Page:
|Untitled, 1945, oil on canvas|
|Untitled, 1944, pen and brush and ink and pencil on paper|
Take a second to look at these two artworks. They are both untitled and by the same artist. Can you guess the artist? Though the artist had employed two very different mediums for his works, it’s not too difficult to identify their thematic similarities. Both works showcase the mastery of fluid and translucent pictorial techniques that portray the very nature of organic processes instead of accurate depiction of the subject matter. Now take a look at the painting below. We all recognize that this work is by Mark Rothko, one of the most famous Abstract Expressionists in the history of contemporary art. Would you be surprised if I was to tell you that all three of these artworks are by Mark Rothko? But it is true. The first two artworks that are very different from his signature style is also by Mark Rothko. We could consider the first two pieces as evolutionary, embryonic previews of Rothko later work. Prior to his signature style in the 1950s, we see his surrealistic depictions that are elusive and mysterious with their evanescent shapes, colors, and tones that precede his large-scale, color-field paintings. What’s interesting is that although Rothko was moving towards complete abstraction, he resisted being defined as an abstract artist. Perhaps, by observing the Rothko’s evolution of style, we could grasp the reason why and understand that his focus is not creating a complete abstraction but to convey a variety of depictions in a simple, universal language.
|Violet and Yellow on Rose, 1954, oil on canvas|
By the winter of 1949-50, Rothko had arrived at his signature style, one of which two or three luminous color rectangles arranged one above another appeared to float within a radiant color field. These paintings are notable for its ungainly size as well as the use of horizontal bands of color set against a warm-colored background. Another remarkable aspect of Rothko's techniques is his use of light. To achieve the effect of light emanating from the very core of his painting, Rothko stained pigments into his canvas by applying numerous thin layers of color one over the other. This layering coats of paint allowed him to re-create, in a contemporary manner, the resonant light of Rembrandt Harmenszoon van Rijn, a Dutch painter from the Dutch Golden Age of the late 1600s, whom he very much admired.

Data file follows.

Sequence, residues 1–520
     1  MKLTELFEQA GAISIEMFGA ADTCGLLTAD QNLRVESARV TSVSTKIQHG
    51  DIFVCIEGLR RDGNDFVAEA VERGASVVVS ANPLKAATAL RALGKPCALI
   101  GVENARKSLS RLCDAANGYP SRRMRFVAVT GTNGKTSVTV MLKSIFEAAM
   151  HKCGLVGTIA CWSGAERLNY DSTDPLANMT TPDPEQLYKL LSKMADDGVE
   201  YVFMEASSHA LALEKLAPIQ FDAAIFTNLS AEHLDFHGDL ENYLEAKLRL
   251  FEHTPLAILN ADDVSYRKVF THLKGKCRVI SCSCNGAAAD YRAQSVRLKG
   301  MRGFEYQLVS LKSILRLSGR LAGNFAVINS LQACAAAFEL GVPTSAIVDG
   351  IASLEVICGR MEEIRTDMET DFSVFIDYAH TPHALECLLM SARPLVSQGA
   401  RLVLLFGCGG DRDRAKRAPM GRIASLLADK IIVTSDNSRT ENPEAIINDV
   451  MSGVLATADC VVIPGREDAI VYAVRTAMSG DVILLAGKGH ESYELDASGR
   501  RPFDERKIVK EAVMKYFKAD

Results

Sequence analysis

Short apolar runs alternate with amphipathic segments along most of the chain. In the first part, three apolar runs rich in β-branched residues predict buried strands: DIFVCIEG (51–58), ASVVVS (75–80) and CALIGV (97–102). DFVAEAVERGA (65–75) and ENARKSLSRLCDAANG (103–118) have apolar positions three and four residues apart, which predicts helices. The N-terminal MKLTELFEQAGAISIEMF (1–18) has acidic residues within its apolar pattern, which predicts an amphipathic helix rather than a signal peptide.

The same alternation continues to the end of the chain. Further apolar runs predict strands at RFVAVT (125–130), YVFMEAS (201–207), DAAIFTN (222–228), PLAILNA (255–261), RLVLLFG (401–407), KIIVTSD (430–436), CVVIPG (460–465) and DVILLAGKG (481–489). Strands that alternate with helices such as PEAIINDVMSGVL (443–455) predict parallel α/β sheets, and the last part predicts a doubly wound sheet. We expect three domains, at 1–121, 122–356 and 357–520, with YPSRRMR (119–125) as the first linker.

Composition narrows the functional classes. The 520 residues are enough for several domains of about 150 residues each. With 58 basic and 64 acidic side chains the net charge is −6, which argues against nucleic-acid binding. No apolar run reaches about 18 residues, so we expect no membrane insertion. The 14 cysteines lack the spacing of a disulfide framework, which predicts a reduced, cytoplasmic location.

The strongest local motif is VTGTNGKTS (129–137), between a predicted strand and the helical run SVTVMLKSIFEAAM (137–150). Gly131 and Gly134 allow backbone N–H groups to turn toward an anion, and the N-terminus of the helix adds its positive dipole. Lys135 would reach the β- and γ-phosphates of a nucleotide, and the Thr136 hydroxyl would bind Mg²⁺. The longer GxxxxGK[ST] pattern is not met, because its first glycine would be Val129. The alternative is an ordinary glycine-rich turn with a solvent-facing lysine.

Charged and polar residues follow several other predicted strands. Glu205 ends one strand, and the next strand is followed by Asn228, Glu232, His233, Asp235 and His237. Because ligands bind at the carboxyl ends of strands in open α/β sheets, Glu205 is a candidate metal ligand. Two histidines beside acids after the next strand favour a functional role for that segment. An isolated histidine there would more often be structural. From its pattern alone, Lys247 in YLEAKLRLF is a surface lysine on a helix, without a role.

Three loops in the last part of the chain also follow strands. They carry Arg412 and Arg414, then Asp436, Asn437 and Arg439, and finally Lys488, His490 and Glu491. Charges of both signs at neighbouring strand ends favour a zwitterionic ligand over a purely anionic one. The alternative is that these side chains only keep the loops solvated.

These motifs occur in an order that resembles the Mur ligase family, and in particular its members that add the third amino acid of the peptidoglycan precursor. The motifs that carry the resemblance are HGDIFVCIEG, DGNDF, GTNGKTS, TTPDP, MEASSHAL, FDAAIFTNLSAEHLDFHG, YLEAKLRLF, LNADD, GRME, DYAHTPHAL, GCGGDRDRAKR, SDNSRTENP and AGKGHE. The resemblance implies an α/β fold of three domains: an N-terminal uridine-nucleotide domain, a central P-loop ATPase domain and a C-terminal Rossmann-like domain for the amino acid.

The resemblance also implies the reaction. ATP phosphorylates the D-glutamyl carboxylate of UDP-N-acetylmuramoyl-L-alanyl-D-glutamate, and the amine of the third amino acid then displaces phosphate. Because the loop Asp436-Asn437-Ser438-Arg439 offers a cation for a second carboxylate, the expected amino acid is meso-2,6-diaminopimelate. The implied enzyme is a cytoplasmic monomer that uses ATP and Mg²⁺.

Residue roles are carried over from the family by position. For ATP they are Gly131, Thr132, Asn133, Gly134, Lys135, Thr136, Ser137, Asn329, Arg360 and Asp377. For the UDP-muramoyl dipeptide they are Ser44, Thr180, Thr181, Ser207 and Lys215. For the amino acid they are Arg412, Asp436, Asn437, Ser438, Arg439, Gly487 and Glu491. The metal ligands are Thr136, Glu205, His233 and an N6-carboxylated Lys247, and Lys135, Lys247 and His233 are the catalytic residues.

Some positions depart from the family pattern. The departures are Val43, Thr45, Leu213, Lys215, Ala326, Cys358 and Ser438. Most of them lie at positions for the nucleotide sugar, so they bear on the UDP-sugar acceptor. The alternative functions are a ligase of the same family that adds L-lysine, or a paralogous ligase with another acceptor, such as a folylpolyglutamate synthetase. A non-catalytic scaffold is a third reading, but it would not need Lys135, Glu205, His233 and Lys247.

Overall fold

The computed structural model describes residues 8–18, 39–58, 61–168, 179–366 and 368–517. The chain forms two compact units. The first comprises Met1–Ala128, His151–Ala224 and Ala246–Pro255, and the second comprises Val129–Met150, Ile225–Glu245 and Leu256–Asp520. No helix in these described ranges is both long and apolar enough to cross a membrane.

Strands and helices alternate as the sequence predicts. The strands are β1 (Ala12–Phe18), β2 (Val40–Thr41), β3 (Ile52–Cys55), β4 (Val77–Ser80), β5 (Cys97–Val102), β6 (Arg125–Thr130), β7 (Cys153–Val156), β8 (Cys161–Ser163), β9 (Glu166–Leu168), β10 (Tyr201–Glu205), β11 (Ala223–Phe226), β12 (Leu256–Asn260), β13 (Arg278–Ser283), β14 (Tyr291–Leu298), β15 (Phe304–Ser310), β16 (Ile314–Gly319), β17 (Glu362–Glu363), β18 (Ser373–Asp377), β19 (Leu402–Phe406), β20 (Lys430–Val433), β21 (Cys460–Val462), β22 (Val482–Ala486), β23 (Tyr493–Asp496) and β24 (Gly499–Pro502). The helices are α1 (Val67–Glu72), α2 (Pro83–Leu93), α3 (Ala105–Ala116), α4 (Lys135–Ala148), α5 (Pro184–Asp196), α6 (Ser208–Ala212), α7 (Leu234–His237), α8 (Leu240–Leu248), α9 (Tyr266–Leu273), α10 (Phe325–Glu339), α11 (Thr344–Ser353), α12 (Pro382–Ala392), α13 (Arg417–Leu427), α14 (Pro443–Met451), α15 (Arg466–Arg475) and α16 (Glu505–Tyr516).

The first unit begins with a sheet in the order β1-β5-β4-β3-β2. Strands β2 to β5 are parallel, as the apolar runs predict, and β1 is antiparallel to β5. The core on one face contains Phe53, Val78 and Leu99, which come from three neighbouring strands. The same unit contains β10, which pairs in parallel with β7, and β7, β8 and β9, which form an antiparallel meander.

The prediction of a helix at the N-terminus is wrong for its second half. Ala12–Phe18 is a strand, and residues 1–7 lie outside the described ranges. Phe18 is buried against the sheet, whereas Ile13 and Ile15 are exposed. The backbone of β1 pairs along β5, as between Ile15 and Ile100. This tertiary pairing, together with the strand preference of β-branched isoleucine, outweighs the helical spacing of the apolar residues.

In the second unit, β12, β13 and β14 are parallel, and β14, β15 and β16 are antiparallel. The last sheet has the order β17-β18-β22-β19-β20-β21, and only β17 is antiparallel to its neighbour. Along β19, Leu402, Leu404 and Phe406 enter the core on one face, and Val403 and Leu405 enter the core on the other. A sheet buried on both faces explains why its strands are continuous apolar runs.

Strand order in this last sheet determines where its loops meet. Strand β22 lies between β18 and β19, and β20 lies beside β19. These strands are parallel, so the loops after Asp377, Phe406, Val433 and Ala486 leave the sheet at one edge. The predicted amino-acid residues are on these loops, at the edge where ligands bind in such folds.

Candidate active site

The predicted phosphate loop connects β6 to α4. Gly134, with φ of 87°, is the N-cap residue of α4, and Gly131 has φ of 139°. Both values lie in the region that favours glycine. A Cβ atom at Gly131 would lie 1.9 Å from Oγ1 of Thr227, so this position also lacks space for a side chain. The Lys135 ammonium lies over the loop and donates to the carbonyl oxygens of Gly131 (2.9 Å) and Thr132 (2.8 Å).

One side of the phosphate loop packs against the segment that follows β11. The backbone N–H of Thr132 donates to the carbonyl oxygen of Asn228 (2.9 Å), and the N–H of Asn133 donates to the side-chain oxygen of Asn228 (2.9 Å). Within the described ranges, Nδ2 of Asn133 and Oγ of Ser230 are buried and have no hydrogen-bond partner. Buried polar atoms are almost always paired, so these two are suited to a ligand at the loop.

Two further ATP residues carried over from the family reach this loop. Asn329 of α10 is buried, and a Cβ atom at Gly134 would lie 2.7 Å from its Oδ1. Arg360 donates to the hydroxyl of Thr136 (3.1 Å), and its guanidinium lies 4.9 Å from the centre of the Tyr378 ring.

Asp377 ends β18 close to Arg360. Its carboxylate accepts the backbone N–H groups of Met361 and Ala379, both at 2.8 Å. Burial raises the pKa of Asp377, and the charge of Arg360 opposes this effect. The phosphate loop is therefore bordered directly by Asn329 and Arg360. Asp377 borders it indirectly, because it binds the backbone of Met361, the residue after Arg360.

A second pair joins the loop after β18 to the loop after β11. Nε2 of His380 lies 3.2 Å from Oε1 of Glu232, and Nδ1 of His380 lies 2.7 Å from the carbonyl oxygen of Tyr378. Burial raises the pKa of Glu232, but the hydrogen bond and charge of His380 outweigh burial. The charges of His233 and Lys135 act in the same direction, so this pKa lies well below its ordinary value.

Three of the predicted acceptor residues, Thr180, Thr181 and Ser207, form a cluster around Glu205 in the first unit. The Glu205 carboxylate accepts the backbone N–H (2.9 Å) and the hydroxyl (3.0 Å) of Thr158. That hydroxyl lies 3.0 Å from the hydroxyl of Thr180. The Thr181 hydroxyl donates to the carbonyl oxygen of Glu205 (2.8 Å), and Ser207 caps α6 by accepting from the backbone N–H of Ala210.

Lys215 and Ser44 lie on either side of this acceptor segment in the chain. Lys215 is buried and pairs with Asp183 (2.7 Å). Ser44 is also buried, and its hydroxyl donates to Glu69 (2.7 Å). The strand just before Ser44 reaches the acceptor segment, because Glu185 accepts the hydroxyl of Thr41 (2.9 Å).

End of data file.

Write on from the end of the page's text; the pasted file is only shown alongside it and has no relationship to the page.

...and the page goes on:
What makes Mark Rothko’s works my favorite paintings of all time is that beyond their large scale and bold presence, there’s something very intimate and emotionally compelling about each one of his paintings. And this aspect, in fact, was one of Rothko’s major goals, which is to create the contemporary spiritual equivalent of the great Renaissance paintings. Although a viewer may think all of Rothko’s paintings appear the same, I disagree. Each one of these paintings is done to convey a specific emotional value and an intimate, sensitive experience. Another common reaction I see when people take a look at any of Mark Rothko's paintings is "Hey, I can do that!" I wanted to include the first two artworks by Rothko to demonstrate that Rothko's signature style is not due to his lack of sophisticated techniques, but instead, he is making a conscious stylistic choice to convey a powerful meaning. His mastery of effectively employing the power of simplicity is what makes him a true genius in the world of contemporary art.
Rothko, M. (1991). The Art of Mark Rothko: Into an unknown world. New York: C.N. Potter.
Rothko, M., & Waldman, D. (1994). Mark Rothko in New York. New York: Guggenheim Museum.